Daniel Eran Dilger
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10 FAS: 6 – Apple’s First Generation Hardware Tainted!

Apple's First Generation Hardware Tainted
Daniel Eran Dilger
While the fake Apple scandals so far have all been invented for the iPhone, the sixth is trotted out for nearly every Apple product release. It’s the warning to not buy the first version of anything from Apple, because it’s always plagued with all manner of problems. But is that true?

Fake Apple Scandal 6: Apple’s First Generation Hardware Tainted!
Pundits’ desperate bid to generate unprecedented amounts of fear, uncertainty, and doubt about the iPhone ended up doing more damage to their own credibility than to Apple’s product launch, as its spectacular showing indicated.

What is really interesting about the numbers released for sales on the last day and a half of June is that those 270,000 iPhones were sold to individuals who:

  • hadn’t ever touched the device before.
  • hadn’t read extensive hands-on reviews about it; only a half-dozen writers had obtained a unit in advance.
  • hadn’t consulted Consumer Reports-style ratings or reliability profiles.
  • had heard no feedback from other iPhone users.
  • were exposed to months of imagined potential problems reported about the iPhone prior to its launch.

Despite all that, over a quarter million units were immediately sold directly to end users, not just pushed into retail inventory channels to await the potential for sale.

Lots of New Buyers of the First Generation iPhone.
As reader Marc Zeedar noted, AT&T reported that 40% of new iPhone buyers changed their service provider just to buy the iPhone. Apple also reported that more than 50% of its record sales of 1.7 million Macs last quarter were to customers new to the Mac platform.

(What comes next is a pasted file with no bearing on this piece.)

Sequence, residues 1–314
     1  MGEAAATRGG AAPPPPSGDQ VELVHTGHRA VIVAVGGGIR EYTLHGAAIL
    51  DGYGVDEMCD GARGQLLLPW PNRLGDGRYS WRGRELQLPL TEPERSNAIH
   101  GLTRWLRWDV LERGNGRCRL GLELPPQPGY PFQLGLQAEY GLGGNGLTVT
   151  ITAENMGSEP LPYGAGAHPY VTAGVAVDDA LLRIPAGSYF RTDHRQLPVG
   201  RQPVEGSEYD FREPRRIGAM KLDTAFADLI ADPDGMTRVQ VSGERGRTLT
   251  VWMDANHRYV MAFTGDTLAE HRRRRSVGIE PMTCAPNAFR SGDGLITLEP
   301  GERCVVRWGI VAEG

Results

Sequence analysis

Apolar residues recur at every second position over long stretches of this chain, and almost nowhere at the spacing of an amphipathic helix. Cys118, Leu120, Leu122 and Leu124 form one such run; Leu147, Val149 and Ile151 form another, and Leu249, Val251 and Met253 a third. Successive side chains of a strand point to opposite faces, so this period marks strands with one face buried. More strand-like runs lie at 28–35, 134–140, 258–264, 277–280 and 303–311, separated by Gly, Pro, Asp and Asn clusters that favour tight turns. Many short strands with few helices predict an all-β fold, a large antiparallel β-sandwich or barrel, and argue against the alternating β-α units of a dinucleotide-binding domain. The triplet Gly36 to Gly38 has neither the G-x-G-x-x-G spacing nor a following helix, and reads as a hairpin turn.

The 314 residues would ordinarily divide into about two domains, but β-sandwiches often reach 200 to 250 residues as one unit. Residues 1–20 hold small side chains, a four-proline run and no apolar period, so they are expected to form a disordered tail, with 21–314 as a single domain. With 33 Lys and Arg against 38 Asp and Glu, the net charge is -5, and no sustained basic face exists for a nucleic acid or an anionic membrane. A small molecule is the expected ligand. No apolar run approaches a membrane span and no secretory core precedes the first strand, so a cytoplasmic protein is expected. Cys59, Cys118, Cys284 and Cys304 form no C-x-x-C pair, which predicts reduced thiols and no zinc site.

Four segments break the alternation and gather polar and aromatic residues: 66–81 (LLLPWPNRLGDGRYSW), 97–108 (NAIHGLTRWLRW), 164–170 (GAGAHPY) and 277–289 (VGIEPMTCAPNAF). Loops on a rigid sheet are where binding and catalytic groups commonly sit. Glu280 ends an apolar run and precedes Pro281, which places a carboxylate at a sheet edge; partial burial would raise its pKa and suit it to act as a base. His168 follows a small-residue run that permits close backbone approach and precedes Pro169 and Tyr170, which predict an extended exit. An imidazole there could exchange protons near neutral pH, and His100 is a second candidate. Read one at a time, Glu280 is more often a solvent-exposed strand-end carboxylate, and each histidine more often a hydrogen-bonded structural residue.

“Convincing people to leave their cell carrier or switch computing platforms is a mammoth task,” Zeedar observed. “Combine that with the 90% satisfaction survey for iPhone buyers and you’ve got some huge momentum that will translate into a veritable upheaval in the marketplace.”

Zeedar also noted “Apple’s 270,000 iPhone sales were really in about 20 hours, not 30 hours. The ‘30 hour’ number came from AT&T’s activation processing which happened even when stores were closed.

”Apple Stores were open 6 PM to midnight on Friday, and 9 AM to 9 PM on Saturday, with the exception of the New York City store which is open 24/7. Online sales were not included in the sales figures. I’m not sure what hours the AT&T stores had, but most were not doing extended hours like Apple did. This just makes the achievement even more amazing.“

First Time’s A Charm?
Were all these iPhone buyers duped into buying a problematic first generation boondoggle? This was a brand new device category for Apple and the first mobile phone it has ever developed.

It’s also a wild jump beyond the iPod in terms of features, and a very new direction for Apple’s operating system, which its calls OS X 1.0. The iPhone also incorporated new, industry leading hardware technologies including the largest, highest resolution capacitance touch screen on any consumer smartphone.

Still, iPhone users report being overwhelmingly happy with their purchase. Not just the first wave of buyers on Friday night and Saturday, but the hundreds of thousands who kept buying iPhones over the last month. Unlike the Zune debut, iPhone sales and interest have maintained well beyond an initial first week rush.

First Generations of Apple Gear.
There have been no show stopping problems reported, and really not even any significant glitches, apart from a temporary delay for some of AT&T’s activations.

It is perhaps a myth that Apple can’t deliver a functional product on first launch? I have personally purchased or handled the requisition of lots of Apple products from their first version or major revision including:

  • The first version of the all new Titanium PowerBook in 2001
  • The first Power Mac G5 in 2003, using an all new design and processor.
  • The revised third generation iPod in 2003.
  • The first Intel iMac in 2006, using a new processor and revised design.
  • The first Intel Mac Books in 2006, an all new design and processor.